FTSE 100 Live: UK GDP beats expectations, shares under pressure

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The UK economy grew a better-than-expected 0.3% in January, figures from the Office for National Statistics showed today.

The improvement from December’s 0.5% decline was driven by a 0.5% increase in the services sector, while both the construction and manufacturing sectors declined.

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Meanwhile, the FTSE 100 index is down more than 1% today as traders reacted to last night’s bank-led slump on Wall Street.

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Construction jobs fall to 11-month low despite broad-based GDP growth

The construction sector had its worst month in nearly a year, as “economic uncertainty” and bad weather led to the biggest drop in new projects since the Covid-19 pandemic.

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The UK economy slumped in January despite GDP data showing a better-than-expected 0.3% growth, and days after a survey revealed contractors were struggling to fill 2023 order books.

Construction output fell by 1.7% in January, the biggest decline since June, while the total value of building work was £14.84 billion, the lowest since February 2022.

New project output fell 4% in March 2020, the sharpest decrease since COVID-19, with new infrastructure particularly hard hit as work stalled.

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London mortgage holders more exposed as FCA asks lenders to provide support

The Chief City watchdog today called on mortgage lenders to do more to help struggling borrowers as it warned that hundreds of thousands of households were on the verge of financial difficulty in London and the South East with the prospect of extended finance.

More than 350,000 mortgage holders could face difficulties making payments until the end of June, the Financial Conduct Authority said as it released new data on the UK mortgage market. This is in addition to the 200,000 people who are already in “payment shortfall”.

With house prices higher in the capital and surrounding areas, Londoners are more likely to cut back on spending or use savings to meet their mortgage commitments. Borrowers between the ages of 18 and 34 may also be more exposed.

The FCA said it “expects firms to support borrowers in financial difficulty” and has guidance on measures including “extending the term of their mortgages or reducing monthly payments for a temporary period”.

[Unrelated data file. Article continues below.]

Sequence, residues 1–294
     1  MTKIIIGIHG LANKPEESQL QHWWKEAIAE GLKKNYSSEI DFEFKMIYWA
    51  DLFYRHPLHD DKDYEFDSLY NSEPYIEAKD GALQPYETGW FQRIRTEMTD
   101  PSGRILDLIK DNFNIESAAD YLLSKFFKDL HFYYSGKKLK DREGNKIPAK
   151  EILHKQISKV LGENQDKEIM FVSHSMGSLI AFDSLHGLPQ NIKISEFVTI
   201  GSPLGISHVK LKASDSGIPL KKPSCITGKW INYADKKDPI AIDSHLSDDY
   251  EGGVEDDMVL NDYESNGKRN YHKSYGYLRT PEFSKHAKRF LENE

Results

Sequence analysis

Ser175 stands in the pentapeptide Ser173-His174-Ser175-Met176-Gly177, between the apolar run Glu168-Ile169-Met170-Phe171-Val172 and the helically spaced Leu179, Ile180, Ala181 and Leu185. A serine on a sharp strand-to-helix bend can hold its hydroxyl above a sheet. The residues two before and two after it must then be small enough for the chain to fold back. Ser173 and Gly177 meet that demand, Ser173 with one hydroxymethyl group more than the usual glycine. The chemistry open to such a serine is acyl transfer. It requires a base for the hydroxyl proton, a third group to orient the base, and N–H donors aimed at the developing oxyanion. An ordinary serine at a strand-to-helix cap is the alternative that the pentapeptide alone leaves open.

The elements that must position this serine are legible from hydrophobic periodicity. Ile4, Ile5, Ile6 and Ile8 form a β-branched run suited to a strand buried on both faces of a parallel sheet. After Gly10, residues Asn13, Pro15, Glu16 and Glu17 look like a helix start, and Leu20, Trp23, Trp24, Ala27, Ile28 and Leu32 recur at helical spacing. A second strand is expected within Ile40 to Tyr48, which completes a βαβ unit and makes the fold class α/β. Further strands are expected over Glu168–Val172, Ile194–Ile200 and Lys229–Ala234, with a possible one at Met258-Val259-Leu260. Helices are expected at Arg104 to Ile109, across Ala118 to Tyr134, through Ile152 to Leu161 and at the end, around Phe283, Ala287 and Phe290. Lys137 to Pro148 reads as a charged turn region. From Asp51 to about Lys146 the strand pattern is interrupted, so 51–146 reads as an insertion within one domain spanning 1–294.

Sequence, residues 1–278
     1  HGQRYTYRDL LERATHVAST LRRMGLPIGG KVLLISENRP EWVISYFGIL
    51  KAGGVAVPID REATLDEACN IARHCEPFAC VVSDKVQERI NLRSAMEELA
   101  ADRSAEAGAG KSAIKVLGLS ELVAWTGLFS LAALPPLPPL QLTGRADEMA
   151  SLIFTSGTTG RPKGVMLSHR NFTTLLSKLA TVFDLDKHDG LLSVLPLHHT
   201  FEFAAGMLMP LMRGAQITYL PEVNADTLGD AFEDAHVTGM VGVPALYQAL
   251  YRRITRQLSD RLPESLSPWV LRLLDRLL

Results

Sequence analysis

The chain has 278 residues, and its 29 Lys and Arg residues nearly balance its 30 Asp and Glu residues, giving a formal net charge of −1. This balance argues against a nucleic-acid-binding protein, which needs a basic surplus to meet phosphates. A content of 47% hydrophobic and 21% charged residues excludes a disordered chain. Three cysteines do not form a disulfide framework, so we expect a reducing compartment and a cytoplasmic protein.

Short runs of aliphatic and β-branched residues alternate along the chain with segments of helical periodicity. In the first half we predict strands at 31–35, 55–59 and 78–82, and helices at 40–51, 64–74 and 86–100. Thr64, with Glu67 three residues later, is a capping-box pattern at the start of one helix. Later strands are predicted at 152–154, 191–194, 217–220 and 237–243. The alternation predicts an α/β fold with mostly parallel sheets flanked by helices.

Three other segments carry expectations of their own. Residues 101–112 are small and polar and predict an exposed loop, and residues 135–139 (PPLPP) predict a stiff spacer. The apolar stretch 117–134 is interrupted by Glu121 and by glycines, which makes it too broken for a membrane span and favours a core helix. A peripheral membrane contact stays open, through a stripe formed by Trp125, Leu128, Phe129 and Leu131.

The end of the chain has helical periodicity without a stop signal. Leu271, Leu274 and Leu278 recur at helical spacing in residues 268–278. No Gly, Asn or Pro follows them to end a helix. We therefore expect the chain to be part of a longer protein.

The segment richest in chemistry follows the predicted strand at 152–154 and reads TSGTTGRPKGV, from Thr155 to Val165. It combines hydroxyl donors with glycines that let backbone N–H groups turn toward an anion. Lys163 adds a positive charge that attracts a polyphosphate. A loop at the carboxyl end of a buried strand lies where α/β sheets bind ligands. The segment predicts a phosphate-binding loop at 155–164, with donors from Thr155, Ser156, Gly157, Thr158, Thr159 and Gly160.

Lenders supported more than 2 million customers last year through budgeting tools, access to loan advice and customized mortgage tolerances.


city ​​note

The week started with laments that London is losing out on the latest tech boom. that its financial markets are dull and unattractive.

Until today, investors were calling for a government bailout of at least one US tech giant – Silicon Valley Bank – to prevent another banking crisis.

Meanwhile, alleged tech darling Vandisco went from hero to zero in about 24 hours.

When it said it would seek to list on the US stock market, it was seen as another sign of London losing ground to New York. It was then revealed that it had uncovered “significant, sophisticated and potentially fraudulent irregularities” that put its entire future in doubt.

Welcome to New York.

In Silicon Valley, a place we’re supposed to be beset with envy, shares of Silicon Valley Bank plunged 60% as investors suddenly decided to cash out.

In the fear and panic, top US banks including the world’s largest lender JPMorgan lost $50 billion in market value.

Is this who we’re supposed to imitate by loosening our rules?

Two things happen every time the city chases the latest craze. First of all, it doesn’t work. Second, that it doesn’t work is a huge relief.

London’s tighter rules for listed firms on the stock market is a good thing, a strength. We have them for a reason and they mostly serve us well. It would be better if London saw itself as a club with stronger entry requirements rather than a cold collar trying to sell timeshares to reluctant investors.

The city has been a major center of finance for centuries. Others will come and go.


Transportation giant FirstGroup on track to beat profit guidance

FirstGroup, owner of South Western Rail, GWR and Avanti, is expected to beat its profit guidance for 2022-23, mostly thanks to a rise in bus passengers.

The transport giant said First Bus passenger volumes had risen to 83% of 2020 equivalent levels, partly as a result of the £2 bus fare cap scheme introduced in England in January 2023.

As a result, the group said its profit for the year would now exceed previous expectations of £137.4 million.

CEO Graham Sutherland said: “I am delighted with the Group’s progress in the second half of our 2023 financial year, driven by increased passenger numbers and improved operational performance in bus and stronger than anticipated demand for our open access operations in rail Is.” ,